Sunday, January 15, 2012

New Year Firsts

I’m not a big one for New Year’s resolutions.  This year, though, with moving to a new state, it seemed natural to think about life changes.  Since so much of my life seems to center around food, you can guess where I decided to initiate change. 

Well, the first resolution isn't directly about food and is just associated with food.  That resolution was to make more off an effort to use reusable bags.  To do that, I just need to get into the routine of putting the bags in my car and remembering to then take them into the store. 

The second resolution was to start making my own bread.  The commitment to make my own bread came about because of Michael Pollan’s philosophy that you not eat anything that you don’t recognize as food.  Sure, store bread looks like food, but Pollan discusses how too many of the ingredients in the average loaf of bagged bread look nothing like recognizable food components.

As well as being healthier, it can be more cost effective to make your own bread.  Now, with living in a two person household and needing to pack lunches regularly, having something that is affordable and better for us just makes sense.

For those of you who follow me on Twitter and Facebook, you know that I eased into making my own bread by making pizza dough.  That proved to be a lot of fun and I’ll give you all the details about making it on Tuesday. 

Friday, I took the next big step by making a loaf of whole wheat bread, solo.  I say solo because my friend Ellie was nice enough to walk me through making a “no knead” bread before I left Virginia.  That will probably become my default way of making bread because it was unbelievably easy.  Plus, you can make up the dough and let it hang out in the fridge for a couple of days thus allowing you to just pull off dough as you need bread.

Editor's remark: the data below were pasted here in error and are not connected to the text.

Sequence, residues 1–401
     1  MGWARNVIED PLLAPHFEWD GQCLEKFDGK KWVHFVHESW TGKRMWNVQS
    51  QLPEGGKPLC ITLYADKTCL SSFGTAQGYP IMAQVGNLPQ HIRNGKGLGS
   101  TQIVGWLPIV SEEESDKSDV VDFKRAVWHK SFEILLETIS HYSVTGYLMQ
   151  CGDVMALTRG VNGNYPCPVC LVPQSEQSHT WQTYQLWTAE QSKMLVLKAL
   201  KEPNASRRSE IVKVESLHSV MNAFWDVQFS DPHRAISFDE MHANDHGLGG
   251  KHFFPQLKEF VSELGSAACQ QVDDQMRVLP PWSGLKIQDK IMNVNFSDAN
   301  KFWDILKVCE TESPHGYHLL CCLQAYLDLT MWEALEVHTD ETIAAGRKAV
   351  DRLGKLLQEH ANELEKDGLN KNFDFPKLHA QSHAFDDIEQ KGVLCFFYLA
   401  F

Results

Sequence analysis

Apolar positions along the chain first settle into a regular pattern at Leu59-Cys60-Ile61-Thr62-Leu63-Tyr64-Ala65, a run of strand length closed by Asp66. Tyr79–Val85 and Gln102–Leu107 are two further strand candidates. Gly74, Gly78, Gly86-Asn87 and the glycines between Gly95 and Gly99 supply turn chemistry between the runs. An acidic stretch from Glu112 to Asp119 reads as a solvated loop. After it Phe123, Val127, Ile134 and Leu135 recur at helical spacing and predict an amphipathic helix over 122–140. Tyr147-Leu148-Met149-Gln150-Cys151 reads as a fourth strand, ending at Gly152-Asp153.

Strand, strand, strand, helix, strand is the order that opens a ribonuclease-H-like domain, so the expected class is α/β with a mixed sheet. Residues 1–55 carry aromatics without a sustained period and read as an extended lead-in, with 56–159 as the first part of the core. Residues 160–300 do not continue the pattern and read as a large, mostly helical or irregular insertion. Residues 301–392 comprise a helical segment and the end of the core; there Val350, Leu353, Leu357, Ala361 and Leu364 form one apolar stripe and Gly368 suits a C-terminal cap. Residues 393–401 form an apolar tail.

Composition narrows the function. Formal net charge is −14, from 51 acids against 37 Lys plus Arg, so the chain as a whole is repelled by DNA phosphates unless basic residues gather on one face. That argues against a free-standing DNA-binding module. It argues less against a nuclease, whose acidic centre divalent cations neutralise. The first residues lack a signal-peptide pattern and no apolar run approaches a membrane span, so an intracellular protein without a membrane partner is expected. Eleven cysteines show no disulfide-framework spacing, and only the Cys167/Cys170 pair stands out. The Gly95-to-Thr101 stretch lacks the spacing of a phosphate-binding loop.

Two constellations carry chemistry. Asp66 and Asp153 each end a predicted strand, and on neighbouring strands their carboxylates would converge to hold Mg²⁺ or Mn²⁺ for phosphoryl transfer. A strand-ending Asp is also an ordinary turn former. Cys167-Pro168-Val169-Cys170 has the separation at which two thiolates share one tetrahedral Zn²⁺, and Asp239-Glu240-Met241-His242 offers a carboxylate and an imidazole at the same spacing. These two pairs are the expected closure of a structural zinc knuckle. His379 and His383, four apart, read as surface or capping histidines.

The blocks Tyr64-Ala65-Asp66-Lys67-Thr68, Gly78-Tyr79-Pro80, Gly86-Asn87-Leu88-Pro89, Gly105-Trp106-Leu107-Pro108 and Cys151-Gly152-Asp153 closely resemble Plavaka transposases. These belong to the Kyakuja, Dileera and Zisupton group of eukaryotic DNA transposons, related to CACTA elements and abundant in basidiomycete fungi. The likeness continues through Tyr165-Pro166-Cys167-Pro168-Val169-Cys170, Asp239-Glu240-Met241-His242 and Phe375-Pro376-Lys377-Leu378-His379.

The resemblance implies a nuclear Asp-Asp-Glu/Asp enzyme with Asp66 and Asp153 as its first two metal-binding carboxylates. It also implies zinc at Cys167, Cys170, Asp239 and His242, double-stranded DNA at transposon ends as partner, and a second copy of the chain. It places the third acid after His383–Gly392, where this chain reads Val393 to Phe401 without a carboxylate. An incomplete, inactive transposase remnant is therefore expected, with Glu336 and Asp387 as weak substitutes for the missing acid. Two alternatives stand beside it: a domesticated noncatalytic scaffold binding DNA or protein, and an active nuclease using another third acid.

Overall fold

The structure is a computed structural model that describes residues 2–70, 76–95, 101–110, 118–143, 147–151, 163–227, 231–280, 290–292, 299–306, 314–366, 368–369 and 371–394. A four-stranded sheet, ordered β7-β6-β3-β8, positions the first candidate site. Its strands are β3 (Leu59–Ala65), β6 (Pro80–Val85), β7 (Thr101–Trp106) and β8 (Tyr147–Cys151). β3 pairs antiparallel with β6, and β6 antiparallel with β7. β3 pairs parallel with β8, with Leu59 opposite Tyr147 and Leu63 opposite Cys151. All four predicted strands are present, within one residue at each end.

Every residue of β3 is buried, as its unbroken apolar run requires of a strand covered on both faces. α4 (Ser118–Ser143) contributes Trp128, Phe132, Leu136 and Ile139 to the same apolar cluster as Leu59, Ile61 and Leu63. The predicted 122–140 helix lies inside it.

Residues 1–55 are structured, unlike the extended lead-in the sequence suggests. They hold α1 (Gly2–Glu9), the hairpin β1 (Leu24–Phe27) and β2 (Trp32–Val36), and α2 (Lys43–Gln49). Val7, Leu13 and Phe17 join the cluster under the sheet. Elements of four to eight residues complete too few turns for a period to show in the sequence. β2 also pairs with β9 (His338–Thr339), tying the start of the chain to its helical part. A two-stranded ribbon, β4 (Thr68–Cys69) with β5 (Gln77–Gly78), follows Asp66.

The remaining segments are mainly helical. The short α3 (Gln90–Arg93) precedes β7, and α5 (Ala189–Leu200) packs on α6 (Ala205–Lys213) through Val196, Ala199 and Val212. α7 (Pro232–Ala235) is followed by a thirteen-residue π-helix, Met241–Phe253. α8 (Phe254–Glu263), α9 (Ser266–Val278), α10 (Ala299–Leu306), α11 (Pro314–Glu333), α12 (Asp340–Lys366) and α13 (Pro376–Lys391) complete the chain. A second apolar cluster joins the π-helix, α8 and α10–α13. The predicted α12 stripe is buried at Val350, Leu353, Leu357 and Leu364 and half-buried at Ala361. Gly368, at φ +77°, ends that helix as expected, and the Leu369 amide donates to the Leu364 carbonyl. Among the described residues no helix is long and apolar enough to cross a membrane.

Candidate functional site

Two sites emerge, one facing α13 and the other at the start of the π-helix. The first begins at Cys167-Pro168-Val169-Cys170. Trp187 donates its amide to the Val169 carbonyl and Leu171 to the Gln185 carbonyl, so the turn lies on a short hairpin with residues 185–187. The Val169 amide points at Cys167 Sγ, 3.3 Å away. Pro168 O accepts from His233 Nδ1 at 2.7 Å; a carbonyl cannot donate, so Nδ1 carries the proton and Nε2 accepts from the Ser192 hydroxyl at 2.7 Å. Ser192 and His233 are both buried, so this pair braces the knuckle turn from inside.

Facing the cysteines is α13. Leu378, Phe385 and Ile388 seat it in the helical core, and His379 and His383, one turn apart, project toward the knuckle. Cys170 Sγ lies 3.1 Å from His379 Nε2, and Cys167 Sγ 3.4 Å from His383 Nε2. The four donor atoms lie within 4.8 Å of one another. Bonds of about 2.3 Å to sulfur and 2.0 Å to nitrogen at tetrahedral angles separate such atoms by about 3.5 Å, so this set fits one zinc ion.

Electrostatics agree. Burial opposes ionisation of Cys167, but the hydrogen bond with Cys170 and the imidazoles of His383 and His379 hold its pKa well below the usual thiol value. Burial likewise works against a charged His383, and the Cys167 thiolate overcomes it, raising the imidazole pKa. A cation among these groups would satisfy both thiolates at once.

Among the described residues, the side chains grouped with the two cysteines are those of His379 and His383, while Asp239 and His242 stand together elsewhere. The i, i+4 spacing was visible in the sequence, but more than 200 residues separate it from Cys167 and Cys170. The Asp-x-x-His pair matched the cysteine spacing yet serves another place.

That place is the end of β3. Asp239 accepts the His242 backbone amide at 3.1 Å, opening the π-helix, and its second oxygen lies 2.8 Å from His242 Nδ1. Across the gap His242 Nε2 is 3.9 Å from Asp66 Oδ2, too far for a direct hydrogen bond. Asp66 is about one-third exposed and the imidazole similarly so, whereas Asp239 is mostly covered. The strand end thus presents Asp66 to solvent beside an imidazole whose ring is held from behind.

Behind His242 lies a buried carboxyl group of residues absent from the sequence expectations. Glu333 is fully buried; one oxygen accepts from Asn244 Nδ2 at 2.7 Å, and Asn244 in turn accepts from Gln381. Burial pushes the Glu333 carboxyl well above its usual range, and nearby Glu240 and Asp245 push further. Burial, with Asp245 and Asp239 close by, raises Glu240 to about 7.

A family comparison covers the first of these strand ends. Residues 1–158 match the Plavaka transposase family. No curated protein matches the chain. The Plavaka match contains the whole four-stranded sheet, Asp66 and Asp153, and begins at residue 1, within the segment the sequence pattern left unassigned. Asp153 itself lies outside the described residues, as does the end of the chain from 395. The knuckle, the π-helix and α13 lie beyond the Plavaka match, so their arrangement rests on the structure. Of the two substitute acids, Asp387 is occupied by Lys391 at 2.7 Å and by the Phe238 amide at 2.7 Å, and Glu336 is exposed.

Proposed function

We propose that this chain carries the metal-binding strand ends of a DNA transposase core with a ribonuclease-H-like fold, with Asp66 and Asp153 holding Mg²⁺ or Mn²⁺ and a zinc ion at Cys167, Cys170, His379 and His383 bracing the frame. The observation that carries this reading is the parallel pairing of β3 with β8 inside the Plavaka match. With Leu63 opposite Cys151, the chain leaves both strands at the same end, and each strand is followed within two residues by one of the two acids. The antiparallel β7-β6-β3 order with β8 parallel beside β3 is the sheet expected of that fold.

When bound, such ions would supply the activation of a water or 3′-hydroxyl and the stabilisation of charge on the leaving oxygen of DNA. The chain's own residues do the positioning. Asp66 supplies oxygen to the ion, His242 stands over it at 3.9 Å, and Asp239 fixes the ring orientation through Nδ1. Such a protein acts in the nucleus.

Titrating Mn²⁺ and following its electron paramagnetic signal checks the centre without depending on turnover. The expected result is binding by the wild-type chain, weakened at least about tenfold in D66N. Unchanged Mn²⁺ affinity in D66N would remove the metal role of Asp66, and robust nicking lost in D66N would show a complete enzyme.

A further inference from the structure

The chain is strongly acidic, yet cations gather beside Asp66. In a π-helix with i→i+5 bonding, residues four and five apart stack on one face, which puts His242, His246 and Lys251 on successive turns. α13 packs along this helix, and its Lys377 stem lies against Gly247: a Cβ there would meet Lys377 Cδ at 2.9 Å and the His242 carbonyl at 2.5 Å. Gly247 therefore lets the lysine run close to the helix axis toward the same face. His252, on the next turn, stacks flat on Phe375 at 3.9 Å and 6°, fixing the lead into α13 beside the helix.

First Rising
Before I fully commit to the “no knead” method, I wanted to try making a kneading style bread at least once so that I can compare.  So, I went to a former “bread making bible,” the Tassajara Bread Book by Edward Espe Brown.  This book is a pretty fantastic “everything you wanted to know about bread” and all of the variations.  He starts with a basic yeast base and then tweaks and adds to make all sorts of bread combinations.  It also comes with info on scones, sweet and savory breads, and details on rolls and stuffed breads.   

This recipes has brown sugar, half wheat and half white flour, salt, olive oil, and dried milk.  I did like kneading and patiently rising the dough, however I'd like to bring in the mixer to start the sponge (which requires you stir it 100 times).   

The end product looked beautiful, but needs some tweaking.  For one, the cook time was for two loaves, and so I should have reduced it.  I also learned my lesson about covering the bread with a damp cloth.  By the end of the rising, I had a bit of bread skin on the dough that kept the dough from binding with itself.  This caused the bread, when cooked, to kind of fall apart where the skin line was.  

Cook and learn.  That is the motto of food exploration. 

Overall, with its successes and failure, there really is nothing quite like having a sandwich made with bread your fixed from scratch.  Also, though I’m sure it has been said before, there is something really miraculous about making a loaf of bread.  You start with just flour--loose, formless powder.  You end up with something to eat and enjoy that has form and purpose.  That is a pretty amazing transformation.  

I think this is a New Year’s resolution worth keeping.  

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  1. Bread looks awesome! Wahoo!
    I always keep a couple of reuseable bags in my trunk just in case.


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